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Flu vaccine ineffective for those over 65 reports CDC

Robin Wulffson MD's picture
flu, flu vaccine, ineffective, seniors, deaths, hospitalizations

This year’s particularly nasty flu season has hit two age groups to a greater degree and others: young children and seniors. Hospitalizations and deaths have been some of the highest ever recorded for the elderly. The Centers for Disease Control and Prevention (CDC) has an explanation. The agency found that only 9% of individuals age 65 and older have benefited from the flu vaccine this year. Despite that poor response rate, the CDC is still recommending that seniors receive the vaccine. The agency notes that the vaccine is effective in younger individuals—anyone over six months of age.

The statistics were presented in the CDC’s Weekly Morbidity and Mortality Report released on February 21. The finding that only 9% of seniors benefited from the vaccine represents a level too low to be statistically significant; however, the CDC notes that even a small amount of protection is better than none. In addition to the foregoing, the study found that the vaccine has reduced hospitalizations and deaths among seniors. However, because of the limited protection that the vaccine may offer, the agency recommends that seniors who have been vaccinated and develop flu symptoms should seek prompt medical attention. For younger individuals, the vaccine has been found to reduce the need to see a physician for an infection by one-half to two-thirds. The latest CDC report was based on a survey of 2,697 children and adults by the U.S. Influenza Vaccine Effectiveness Network from December 3, 2012, through January 19, 2013.

This season’s flu hospitalization rate for seniors is the highest since CDC began its current surveillance system in 2007. In the last week of January, the rate of individuals aged 65 or older who were hospitalized with a laboratory-confirmed case of influenza was 116 per 100,000. Previously, the highest rate was 73.7 per 100,000. The CDC has no explanation for the ineffectiveness of the vaccine for seniors; however, one factor is that as people age, their immune system tends to become less effective in warding off infection.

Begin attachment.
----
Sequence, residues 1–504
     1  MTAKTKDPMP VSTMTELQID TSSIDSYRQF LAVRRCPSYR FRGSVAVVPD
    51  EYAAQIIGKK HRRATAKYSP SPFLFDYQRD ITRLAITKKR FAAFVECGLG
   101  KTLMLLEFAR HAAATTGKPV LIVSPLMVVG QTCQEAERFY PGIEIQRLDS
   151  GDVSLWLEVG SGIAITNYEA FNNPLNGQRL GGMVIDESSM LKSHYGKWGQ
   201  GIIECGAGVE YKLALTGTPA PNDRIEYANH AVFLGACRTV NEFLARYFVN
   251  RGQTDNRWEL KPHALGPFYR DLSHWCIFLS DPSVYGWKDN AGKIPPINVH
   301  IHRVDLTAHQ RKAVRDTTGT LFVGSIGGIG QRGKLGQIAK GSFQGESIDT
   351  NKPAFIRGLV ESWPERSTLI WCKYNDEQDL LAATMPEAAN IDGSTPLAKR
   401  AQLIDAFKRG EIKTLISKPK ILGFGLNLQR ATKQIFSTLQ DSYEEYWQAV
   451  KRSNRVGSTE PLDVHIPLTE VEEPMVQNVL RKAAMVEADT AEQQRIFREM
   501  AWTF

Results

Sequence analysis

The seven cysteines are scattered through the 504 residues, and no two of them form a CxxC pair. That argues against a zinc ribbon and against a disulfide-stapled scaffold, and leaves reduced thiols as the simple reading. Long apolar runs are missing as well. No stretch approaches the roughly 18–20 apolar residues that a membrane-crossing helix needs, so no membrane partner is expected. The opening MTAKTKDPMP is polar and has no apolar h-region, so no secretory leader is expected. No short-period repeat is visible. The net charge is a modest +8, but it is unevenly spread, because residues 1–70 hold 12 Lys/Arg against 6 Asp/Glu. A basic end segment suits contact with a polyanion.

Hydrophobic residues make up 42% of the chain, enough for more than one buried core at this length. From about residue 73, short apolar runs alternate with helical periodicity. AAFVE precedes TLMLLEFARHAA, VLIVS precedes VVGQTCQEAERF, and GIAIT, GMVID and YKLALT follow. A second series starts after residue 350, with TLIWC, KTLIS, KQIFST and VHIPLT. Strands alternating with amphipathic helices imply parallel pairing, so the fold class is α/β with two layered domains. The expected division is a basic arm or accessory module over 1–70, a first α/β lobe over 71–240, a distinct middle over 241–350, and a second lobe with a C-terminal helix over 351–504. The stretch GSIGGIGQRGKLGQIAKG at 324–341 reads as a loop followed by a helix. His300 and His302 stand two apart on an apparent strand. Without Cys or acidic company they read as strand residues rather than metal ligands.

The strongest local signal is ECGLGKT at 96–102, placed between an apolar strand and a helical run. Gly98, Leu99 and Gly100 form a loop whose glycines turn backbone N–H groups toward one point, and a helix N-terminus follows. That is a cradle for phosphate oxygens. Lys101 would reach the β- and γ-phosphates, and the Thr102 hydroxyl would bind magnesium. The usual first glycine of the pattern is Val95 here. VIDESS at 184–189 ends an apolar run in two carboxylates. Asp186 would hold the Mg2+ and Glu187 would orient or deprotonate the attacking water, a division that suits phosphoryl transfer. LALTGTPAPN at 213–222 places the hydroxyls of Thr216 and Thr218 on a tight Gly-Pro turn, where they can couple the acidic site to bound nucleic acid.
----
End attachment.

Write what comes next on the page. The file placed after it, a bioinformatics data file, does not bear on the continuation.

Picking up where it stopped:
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The CDC notes that its findings are similar to those conducted this flu season in Europe. The agency also cautioned that the findings were interim and only assessed individuals who saw a physician for flu symptoms. The CDC researcher plan to do further research to determine whether chronic medical conditions and other problems associated with aging might have affected the outcome.

For this entire flu season, the CDC has noted that the vaccine is far from 100% effective for any age group. The present study has found that the vaccine’s overall effectiveness for individuals over six months of age is just 56%; this figure is lower than the 62% rate that had been estimated earlier in the season. This season’s vaccine contains protection against three flu strains: H3N2, influenza B, and H1N1. The CDC has found that the vaccine was 67% effective against influenza B in adults over 65 but only 9% effective against H3N2, which is the most prevalent strain this season. The CDC notes that there were not enough H1N1 cases to determine its effectiveness. In view of the study’s findings, the members of the CDC’s advisory panel are of the impression that a new and improved vaccine needs to be developed.

The vaccine’s overall effectiveness against H3N2 flu by age group was found to be:

  • 6 months to 17 years: 58%.
  • 18 to 49 years: 46%.
  • 50 to 64 years: 50%.
  • 65 and older: 9%.

Reference: CDC